Mat Johnson

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Mat Johnson
Mat johnson 2011.jpg
Mat Johnson at the 2011 Texas Book Festival.
Born (1970-08-19) August 19, 1970 (age 44)
Philadelphia
Nationality American
Ethnicity Irish/African
Citizenship United States
Education Greene Street Friends School
West Chester University
University of Wales, Swansea
Alma mater Earlham College, B.A.
Columbia University School of the Arts, M.F.A.
Notable works Pym
Incognegro
Website
www.matjohnson.info

Mat Johnson (born in Philadelphia August 19, 1970) is an American writer of literary fiction who works in both prose and the comics format. In 2007, he was named the first USA James Baldwin Fellow by the United States Artists Foundation.

Biography[edit]

Mat Johnson was born and raised in the Germantown and Mount Airy communities in Philadelphia. He attended Greene Street Friends School, West Chester University, University of Wales, Swansea, and ultimately received his B.A. from Earlham College. In 1993 he was awarded a Thomas J. Watson Fellowship. Johnson received his M.F.A. from Columbia University School of the Arts (1999).

Johnson has taught at Rutgers University, Columbia University, Bard College, The Callaloo Journal Writers Retreat, and is now a permanent faculty member at the University of Houston Creative Writing Program. Johnson lives in Houston.

Johnson’s first novel, Drop (Bloomsbury USA, 2000), was a coming-of-age novel about a self-hating Philadelphian who thinks he has found his escape when he takes a job at a Brixton-based advertising agency in London, U.K. The work was a Barnes & Noble Discover Great New Writers selection; Interview magazine named Johnson a “Writer on the Verge”; and Drop was listed among Progressive Magazine’s “Best Novels of the Year.”

In 2003, Johnson published Hunting in Harlem (Bloomsbury USA 2003), a satire about gentrification in Harlem and an exploration of belief versus fanaticism. Hunting in Harlem won the Zora Neale Hurston/Richard Wright Legacy Award for Novel of the Year.

Johnson made his first move into the comics form with the publication of the five-issue limited series Hellblazer Special: Papa Midnite (Vertigo 2005), where he took an existing character of the Hellblazer franchise and created an origin story that strove to offer depth and dignity to a character that was arguably a racial stereotype of the noble savage. The work was set in 18th century Manhattan, and was based around the research that Johnson was conducting for his first historical effort, The Great Negro Plot (Bloomsbury USA). The Great Negro Plot is a creative nonfiction that tells the story of the New York Slave Insurrection of 1741 and the resultant trial and hysteria.[1]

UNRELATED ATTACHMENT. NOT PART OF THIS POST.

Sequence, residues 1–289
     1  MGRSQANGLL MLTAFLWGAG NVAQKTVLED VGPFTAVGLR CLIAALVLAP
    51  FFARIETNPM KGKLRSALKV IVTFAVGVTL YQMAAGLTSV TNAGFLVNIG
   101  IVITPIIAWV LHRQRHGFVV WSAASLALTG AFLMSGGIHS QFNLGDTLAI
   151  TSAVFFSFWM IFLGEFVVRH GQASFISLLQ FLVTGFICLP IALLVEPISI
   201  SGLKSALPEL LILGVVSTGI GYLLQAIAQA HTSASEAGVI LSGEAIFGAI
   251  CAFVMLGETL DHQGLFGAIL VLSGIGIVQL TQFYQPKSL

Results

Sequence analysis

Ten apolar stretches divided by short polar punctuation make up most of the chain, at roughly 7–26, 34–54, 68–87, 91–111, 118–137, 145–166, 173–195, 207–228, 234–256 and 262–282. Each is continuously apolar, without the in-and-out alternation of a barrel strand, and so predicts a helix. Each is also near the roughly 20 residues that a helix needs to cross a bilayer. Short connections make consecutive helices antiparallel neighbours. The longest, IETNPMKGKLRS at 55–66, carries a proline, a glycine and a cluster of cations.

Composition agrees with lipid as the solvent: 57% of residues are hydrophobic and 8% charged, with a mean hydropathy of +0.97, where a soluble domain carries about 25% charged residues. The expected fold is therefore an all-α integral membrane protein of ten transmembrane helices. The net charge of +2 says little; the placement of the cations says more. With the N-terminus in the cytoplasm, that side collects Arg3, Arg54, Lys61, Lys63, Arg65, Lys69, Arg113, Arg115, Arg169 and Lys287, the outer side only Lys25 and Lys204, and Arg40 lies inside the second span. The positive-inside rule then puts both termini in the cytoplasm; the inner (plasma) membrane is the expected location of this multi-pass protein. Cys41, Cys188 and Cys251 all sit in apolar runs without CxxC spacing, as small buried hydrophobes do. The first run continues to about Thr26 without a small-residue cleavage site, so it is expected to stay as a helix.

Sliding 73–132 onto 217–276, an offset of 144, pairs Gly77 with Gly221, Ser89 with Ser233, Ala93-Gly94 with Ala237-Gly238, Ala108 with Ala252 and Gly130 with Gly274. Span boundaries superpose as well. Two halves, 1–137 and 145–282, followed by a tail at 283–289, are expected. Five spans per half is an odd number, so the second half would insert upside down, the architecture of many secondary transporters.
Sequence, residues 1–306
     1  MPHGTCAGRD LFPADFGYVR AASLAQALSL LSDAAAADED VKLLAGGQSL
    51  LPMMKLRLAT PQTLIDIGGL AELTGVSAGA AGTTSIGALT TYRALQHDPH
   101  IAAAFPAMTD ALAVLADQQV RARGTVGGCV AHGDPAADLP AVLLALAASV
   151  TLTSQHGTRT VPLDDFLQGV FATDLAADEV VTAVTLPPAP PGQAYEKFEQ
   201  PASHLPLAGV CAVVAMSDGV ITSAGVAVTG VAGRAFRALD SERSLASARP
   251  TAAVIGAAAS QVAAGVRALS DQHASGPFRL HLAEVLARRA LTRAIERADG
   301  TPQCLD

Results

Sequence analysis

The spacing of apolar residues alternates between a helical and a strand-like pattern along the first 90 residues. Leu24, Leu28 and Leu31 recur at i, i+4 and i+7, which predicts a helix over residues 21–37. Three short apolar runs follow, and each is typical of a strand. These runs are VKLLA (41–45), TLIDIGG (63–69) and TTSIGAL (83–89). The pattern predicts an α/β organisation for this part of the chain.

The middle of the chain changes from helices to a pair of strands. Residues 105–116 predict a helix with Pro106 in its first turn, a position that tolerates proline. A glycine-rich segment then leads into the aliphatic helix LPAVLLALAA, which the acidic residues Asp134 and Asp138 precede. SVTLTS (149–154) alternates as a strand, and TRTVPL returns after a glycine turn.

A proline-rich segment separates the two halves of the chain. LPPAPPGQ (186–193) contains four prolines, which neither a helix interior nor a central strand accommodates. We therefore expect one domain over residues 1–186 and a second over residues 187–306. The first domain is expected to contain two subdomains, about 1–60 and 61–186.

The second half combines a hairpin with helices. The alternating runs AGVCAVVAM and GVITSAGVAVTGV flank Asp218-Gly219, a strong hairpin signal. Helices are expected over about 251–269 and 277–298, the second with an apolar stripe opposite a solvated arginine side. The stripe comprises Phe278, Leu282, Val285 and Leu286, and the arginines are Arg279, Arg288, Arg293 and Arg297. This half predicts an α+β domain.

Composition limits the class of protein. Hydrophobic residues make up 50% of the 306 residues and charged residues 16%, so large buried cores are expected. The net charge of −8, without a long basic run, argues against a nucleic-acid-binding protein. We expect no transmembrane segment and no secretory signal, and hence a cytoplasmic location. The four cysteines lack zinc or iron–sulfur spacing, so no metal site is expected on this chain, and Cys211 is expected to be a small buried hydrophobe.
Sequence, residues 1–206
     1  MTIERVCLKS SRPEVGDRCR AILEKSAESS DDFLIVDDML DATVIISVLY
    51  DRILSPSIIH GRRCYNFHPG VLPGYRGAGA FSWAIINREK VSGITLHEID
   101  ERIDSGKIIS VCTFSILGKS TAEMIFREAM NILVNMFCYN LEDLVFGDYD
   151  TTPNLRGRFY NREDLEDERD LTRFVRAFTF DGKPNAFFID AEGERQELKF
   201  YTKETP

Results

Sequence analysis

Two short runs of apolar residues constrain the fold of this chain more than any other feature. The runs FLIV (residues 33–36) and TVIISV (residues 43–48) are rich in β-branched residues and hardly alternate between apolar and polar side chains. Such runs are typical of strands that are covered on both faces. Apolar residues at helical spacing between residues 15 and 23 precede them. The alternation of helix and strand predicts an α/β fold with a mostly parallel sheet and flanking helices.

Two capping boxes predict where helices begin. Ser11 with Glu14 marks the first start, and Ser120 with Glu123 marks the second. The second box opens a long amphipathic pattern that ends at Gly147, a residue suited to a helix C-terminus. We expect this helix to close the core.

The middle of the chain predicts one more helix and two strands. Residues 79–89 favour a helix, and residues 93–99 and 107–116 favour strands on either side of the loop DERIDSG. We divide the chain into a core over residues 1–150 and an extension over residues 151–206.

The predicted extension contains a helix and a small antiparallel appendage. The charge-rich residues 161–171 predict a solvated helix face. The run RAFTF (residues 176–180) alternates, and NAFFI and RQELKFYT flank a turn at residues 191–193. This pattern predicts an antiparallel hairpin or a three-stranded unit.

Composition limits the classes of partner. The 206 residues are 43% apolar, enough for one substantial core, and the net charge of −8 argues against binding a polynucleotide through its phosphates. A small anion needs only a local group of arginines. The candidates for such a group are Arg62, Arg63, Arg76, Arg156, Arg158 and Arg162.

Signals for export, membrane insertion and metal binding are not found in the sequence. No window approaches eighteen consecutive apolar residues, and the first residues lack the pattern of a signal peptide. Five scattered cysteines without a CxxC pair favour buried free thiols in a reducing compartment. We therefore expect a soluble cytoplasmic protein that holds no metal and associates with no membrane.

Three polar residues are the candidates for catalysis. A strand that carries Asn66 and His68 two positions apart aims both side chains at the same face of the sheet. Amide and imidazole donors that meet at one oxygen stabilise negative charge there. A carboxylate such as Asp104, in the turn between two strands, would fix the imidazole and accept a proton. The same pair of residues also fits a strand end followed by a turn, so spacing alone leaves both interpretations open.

In February 2008, Vertigo Comics published Johnson's graphic novel Incognegro, a noir mystery that deals with the issue of Passing (racial identity) and the lynching past of the American south . The work is illustrated by British artist Warren Pleece with cover artwork by Stephen John Phillips.[2]

From 2006 to 2007, Johnson wrote the blog Niggerati Manor, which discussed African-American literature and culture.

Awards[edit]

He was named a 2007 USA James Baldwin Fellow[3] and awarded a $50,000 grant by United States Artists, a public charity that supports and promotes the work of American artists. On September 21, 2011, Mat Johnson was awarded the Dos Passos Prize for Literature.[4]

Bibliography[edit]

Novels[edit]

Nonfiction[edit]

Comics[edit]

Anthologies[edit]

  • Gumbo: Anthology of African American Literature (Harlem Moon, 2002)
  • Not Guilty: Twelve Black Men Speak Out on Law, Justice, and Life (Amistad Press, 2002)
  • Mixed: An Anthology of Short Fiction on the Multiracial Experience (W. W. Norton, 2006)
  • Black Cool: One Thousand Streams of Blackness (Soft Skull Press, February 2012)[7][8]

Notes[edit]

  1. ^ Johnson Tells the Unknown Origin of "Hellblazer's" Papa Midnite in New Mini, Comic Book Resources, February 2, 2005
  2. ^ Mat Johnson on Incognegro, Newsarama, November 29, 2007
  3. ^ "About the Artists & Writers," African-American Classics, Graphic Classics vol. 22 (Eureka Productions, 2011).
  4. ^ Emery, Mike. "2011 DOS PASSOS PRIZE AWARDED TO UH PROFESSOR MAT JOHNSON: AWARD RECOGNIZES AUTHORS WITH WORKS FOCUSED ON AMERICAN THEMES, HUMAN EXPERIENCE," University of Houston website (Sept. 12, 2011).
  5. ^ Staff (August 9, 2010). "Dark Rain: A New Orleans Story". Publishers Weekly. Retrieved September 12, 2012. 
  6. ^ Gallaher, Valerie (August 8, 2012). "Review: Vertigo's 'Right State' A Tense And Topical Thriller Pulled Straight From The Headlines". MTV Geek. Retrieved September 12, 2012. 
  7. ^ Staff (December 12, 2011). "Black Cool: One Thousand Streams of Blackness. Edited by Rebecca Walker.", Publishers Weekly.
  8. ^ Staff (December 15, 2011). "BLACK COOL – A collection of essays focused on the “cool” cultural legacy of African-Americans.", Kirkus Reviews.

External links[edit]